At the top of the playing field I wanted to have a curvature. I drew this with a piece of string and a pencil. I made it by screwing 3 pieces of wood together and sawing out the curvature with the jigsaw.

On the sides I screwed a slat of 3,5 cm wide straight on. And to the left of the curve I made an extra curve so that if the ball doesn't go too fast it goes between the flippers. To make a way for the ball shooter I screwed another slat next to it.

Next to the flippers there must be some wood to create 2 courses to lose the ball because they can no longer reach the flippers and to make the ball roll towards the flippers.

Step 6: Step 6: Behind the Flippers

At the bottom of the playing field there are some slats to catch the balls and guide them to the right below so that the balls can be picked up again. On top of this is a plank of wood in which I saw the shape of the bottom slats. The arduino is also hiding under this wooden plate.

Step 7: Step 7: Score!!

The arduino part is far from finished, but you can score points. If you hit the left switch, you score points that can be seen on the 8-digit screen at the bottom left increase. The 8-digit screen fits nicely into the plate. This was done with a dremel. The arduino s powered by a battery bank.

This is the arduino code that is used:


//We always have to include the library
#include "LedControl.h"

const int buttonPin = 2; 
int buttonState = 0;   

//int Digit = 0;
int punten = 5;

int eerstenum = 0;       //Now we need a LedControl to work with.
int tweedenum = 0;       //***** These pin numbers will probably not work with your hardware *****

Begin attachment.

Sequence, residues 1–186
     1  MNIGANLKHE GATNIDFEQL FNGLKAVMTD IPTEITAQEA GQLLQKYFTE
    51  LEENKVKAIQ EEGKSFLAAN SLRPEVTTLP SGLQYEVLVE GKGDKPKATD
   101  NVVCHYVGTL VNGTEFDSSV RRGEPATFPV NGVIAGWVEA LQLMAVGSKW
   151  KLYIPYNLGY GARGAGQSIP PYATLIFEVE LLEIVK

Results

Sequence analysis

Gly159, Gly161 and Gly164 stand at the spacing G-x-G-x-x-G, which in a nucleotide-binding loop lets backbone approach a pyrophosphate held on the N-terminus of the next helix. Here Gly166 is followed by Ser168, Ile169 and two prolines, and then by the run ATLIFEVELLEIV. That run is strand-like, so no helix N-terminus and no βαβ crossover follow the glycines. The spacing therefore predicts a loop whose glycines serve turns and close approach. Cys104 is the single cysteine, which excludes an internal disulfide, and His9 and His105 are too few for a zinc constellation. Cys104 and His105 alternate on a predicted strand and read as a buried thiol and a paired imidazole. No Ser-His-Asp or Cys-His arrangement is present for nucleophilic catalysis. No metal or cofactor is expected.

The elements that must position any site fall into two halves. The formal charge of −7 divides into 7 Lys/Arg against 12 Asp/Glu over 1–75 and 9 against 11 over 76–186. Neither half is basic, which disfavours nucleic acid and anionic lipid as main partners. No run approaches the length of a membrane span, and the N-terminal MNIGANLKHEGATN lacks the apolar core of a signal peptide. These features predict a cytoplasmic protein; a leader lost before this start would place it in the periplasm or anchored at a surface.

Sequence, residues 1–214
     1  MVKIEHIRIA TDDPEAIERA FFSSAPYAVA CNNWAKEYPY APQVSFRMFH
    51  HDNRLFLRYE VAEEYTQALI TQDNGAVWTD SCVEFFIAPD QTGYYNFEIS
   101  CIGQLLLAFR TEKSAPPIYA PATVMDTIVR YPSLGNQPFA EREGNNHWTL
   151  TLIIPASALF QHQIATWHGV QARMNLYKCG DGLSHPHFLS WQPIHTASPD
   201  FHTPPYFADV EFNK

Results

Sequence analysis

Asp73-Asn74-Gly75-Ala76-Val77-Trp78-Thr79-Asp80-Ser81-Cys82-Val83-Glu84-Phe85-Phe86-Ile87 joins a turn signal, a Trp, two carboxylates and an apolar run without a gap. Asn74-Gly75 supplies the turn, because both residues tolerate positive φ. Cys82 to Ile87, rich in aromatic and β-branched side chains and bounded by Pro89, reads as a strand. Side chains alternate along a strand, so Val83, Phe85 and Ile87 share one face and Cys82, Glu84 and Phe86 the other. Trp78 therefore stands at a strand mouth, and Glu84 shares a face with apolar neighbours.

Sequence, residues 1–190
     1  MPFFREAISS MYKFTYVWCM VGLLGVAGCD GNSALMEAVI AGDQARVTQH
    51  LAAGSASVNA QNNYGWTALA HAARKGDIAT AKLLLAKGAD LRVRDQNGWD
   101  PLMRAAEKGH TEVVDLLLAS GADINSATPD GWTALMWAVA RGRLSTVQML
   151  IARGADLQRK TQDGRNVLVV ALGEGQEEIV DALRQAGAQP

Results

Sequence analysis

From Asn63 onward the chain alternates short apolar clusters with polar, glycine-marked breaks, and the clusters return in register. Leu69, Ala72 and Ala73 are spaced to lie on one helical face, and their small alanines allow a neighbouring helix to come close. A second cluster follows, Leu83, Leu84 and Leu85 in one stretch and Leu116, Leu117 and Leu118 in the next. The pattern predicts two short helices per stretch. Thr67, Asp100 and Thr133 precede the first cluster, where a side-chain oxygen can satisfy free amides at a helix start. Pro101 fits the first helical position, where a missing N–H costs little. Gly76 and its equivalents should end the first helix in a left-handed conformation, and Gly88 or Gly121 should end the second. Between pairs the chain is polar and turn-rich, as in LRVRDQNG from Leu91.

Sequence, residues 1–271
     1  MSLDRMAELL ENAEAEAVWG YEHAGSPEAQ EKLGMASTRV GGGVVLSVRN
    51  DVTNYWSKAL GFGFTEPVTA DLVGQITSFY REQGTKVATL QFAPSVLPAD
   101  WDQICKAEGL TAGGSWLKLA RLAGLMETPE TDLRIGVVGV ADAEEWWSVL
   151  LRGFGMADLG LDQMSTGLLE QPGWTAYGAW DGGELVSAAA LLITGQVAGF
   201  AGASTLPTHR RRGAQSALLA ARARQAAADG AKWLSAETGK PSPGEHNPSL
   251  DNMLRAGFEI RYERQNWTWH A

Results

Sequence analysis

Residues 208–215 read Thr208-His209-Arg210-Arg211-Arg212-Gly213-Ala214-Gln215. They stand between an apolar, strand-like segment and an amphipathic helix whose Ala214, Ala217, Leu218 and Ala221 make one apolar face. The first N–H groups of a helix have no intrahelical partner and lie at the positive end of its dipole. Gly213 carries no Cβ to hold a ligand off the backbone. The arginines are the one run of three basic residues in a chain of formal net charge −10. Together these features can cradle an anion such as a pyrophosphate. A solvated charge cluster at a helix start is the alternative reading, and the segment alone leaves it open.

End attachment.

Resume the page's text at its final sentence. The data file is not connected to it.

int derdenum = 0;        //pin 12 is connected to the DataIn 
int vierdenum = 0;       //pin 13 is connected to the CLK 
int vijfdenum = 0;       //pin 10 is connected to LOAD 
int zesdenum = 0;        //We have only a single MAX72XX.
int zevendenum = 0;
int achtstenum = 0;

LedControl lc=LedControl(12,13,10,1);

unsigned long delaytime=250;        ///* we always wait a bit between updates of the display */

void setup() {
  Serial.begin(9600); 

  pinMode(buttonPin, INPUT);
  
  /*
   The MAX72XX is in power-saving mode on startup,
   we have to do a wakeup call
   */
  lc.shutdown(0,false);
  /* Set the brightness to a medium values */
  lc.setIntensity(0,8);
  /* and clear the display */
  lc.clearDisplay(0);
}



void loop() { 
   scoreDisplay();
buttonState = digitalRead(buttonPin);
   if (buttonState == HIGH) {
    punten++;
    Serial.println("HIGH");
  }
  Serial.println(buttonState);
}

void scoreDisplay(){

  lc.setDigit(0, 0, eerstenum,false);
  lc.setDigit(0, 1, tweedenum,false);
  lc.setDigit(0, 2, derdenum,false);
  lc.setDigit(0, 3, vierdenum,false);
  lc.setDigit(0, 4, vijfdenum,false);
  lc.setDigit(0, 5, zesdenum,false);
  lc.setDigit(0, 6, zevendenum,false);
  lc.setDigit(0, 7, achtstenum,false);
  
    //punten++;
    
eerstenum = punten;

if(punten > 9){
  punten = 0;
  eerstenum = 0;
  tweedenum++;
}
if(tweedenum > 9){
  tweedenum = 0;
  derdenum++;
}
if(derdenum > 9){
  derdenum = 0;
  vierdenum++;
}
if(vierdenum > 9){
  vierdenum = 0;
  vijfdenum++;
}
if(vijfdenum > 9){
  vijfdenum = 0;
  zesdenum++;
}
if(zesdenum > 9){
  zesdenum = 0;
  zevendenum++;
}
if(zevendenum > 9){
  vierdenum = 0;
  vijfdenum++;
}
}

Step 8: Step 8: the Future

This project is still going on and I will be sure to post all updates here.

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    Comments

    0
    seamster
    seamster

    10 days ago

    Very nice, this is a great start. I made a simple pinball table many years ago, and it was a lot of fun. Keep it up!